Without totally disparaging the telco experience, the managed service is typically sold at a premium with the experience limited to basic site to site connectivity with telco intervention required to facilitate the changes. Almost all businesses are adopting public cloud applications with source traffic originating from practically anywhere on a global basis. As a workforce, we are almost 100% mobile even if the core of our working day is spent in the office. In order to manage the new world order, agility must be at the core of our approach. The telco relationship takes days, weeks and months to progress whether the requirement is a simple change or a new circuit.

How CNaC is the managed services approach your business should consider

The Cloud-native Carrier is your alternative to the traditional WAN as a managed service approach. The telco solution is to integrate all elements of third party appliances from routers to firewall and WAN optimisation where as CNaC is the convergence of the networking and secure SD WAN security stack into a cloud compute model. All of the intelligence exists in the cloud which removes the need for high-cost edge hardware and the proprietary nature of these devices.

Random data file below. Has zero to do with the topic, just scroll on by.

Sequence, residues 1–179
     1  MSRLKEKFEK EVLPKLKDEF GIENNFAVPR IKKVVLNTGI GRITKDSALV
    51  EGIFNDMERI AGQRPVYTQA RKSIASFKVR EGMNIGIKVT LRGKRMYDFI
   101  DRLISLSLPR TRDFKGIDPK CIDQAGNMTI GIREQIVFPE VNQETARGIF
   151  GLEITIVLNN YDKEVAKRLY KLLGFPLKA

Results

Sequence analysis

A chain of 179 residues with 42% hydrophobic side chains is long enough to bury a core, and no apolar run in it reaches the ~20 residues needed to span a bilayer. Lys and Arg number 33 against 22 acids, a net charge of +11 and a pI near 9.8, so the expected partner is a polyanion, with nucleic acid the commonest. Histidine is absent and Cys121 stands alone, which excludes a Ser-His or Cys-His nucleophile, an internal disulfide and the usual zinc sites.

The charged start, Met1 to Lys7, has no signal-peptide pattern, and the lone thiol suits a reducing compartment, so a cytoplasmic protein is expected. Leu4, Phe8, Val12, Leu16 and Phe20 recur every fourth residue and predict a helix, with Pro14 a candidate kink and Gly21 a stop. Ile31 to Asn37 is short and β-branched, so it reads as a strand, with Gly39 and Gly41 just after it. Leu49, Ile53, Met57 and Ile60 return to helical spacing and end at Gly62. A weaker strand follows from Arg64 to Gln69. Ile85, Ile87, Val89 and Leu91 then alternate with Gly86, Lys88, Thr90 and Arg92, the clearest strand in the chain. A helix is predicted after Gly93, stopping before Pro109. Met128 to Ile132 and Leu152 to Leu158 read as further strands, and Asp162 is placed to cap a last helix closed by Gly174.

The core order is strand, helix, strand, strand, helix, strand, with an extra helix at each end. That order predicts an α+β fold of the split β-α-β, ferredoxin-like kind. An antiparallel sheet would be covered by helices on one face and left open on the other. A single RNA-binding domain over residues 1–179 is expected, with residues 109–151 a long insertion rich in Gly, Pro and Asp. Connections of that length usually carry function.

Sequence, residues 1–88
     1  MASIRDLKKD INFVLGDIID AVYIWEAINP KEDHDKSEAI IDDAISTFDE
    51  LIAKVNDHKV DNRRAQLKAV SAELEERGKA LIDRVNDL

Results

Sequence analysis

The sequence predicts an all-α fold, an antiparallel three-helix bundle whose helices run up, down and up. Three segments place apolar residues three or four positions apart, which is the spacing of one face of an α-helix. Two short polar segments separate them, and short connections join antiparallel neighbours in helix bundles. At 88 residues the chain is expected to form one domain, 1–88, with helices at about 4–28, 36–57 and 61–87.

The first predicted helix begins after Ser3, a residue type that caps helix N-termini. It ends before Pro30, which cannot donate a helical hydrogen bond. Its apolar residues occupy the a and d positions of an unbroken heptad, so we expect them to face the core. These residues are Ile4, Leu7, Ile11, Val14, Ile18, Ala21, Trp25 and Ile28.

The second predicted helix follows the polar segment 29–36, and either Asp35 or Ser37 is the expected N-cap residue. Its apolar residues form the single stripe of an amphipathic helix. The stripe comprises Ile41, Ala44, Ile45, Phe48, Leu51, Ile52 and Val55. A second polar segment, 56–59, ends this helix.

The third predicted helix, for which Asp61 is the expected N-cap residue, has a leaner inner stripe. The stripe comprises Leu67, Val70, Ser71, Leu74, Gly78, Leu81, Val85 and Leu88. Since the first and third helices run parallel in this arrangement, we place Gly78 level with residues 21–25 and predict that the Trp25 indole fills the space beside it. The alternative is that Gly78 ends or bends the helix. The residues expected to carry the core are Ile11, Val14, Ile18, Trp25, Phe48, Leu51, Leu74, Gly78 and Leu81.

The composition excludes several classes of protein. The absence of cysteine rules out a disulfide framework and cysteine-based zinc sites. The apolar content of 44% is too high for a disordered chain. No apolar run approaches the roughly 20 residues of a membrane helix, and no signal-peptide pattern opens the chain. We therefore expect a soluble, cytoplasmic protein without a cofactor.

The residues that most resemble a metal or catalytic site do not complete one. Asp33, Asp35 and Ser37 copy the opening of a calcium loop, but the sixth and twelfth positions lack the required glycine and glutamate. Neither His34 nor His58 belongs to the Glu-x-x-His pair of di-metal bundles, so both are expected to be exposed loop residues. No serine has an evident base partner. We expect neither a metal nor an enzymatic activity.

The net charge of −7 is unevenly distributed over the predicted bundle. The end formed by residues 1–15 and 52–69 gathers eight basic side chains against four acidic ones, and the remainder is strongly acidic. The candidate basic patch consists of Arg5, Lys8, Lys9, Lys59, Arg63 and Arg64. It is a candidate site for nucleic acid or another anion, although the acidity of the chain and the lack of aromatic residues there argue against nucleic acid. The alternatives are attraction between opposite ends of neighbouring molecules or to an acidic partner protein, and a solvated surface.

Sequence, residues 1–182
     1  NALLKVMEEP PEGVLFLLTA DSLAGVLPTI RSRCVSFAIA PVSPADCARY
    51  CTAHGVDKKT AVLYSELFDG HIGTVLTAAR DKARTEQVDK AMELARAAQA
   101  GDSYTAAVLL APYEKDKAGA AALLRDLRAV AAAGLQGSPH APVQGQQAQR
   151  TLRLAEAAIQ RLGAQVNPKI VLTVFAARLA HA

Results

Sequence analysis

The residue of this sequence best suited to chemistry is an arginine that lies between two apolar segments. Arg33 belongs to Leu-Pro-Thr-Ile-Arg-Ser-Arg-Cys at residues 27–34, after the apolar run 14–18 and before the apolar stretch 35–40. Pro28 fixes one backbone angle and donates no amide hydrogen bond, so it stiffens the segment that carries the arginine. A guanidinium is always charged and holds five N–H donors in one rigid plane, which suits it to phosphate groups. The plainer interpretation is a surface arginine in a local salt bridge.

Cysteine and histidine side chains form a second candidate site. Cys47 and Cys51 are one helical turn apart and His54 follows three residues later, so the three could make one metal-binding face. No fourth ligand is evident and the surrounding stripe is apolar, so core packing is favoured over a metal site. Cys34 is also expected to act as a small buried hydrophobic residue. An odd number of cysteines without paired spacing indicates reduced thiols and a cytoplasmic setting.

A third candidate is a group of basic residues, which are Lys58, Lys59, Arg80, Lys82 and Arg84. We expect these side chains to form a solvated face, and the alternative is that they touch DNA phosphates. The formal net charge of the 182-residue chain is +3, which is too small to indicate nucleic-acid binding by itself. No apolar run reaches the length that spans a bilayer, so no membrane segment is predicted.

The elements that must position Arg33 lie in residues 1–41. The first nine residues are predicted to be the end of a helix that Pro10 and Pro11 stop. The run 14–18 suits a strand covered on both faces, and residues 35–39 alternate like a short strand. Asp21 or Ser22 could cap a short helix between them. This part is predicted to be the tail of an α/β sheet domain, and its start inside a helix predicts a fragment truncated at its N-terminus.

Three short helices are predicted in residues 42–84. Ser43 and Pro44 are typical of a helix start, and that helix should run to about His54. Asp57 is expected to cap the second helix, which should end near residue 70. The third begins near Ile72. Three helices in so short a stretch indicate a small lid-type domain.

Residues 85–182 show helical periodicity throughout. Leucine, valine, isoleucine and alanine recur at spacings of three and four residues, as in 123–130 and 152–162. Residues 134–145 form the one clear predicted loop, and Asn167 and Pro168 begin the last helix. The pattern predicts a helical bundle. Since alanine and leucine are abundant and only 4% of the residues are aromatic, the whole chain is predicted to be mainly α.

The CNaC approach leverages the network infrastructure which already exists today, i.e. the telco IP network. In this respect, the telco's investment into IP networking over the years is today leveraged by SD WAN technology.

The typical SD WAN market architecture is one of two types:

1. End to end public network with private elements, select from Ethernet leased lines, Broadband, 4G and 5G to create hybrid public and private WAN architecture.

2. Local VPN access into a private core network, ideal for branch infrastructure and client access when deploying for global organisations SD WAN is the interface into each element via easy to use graphical user interfaces.

The average Enterprise is capable of self-service, IT can deploy and provision new users, routing, access policies, QoS, WAN optimisation and security. If all of these elements remain available to the Enterprise, isn't the wrap co-managed rather than fully managed?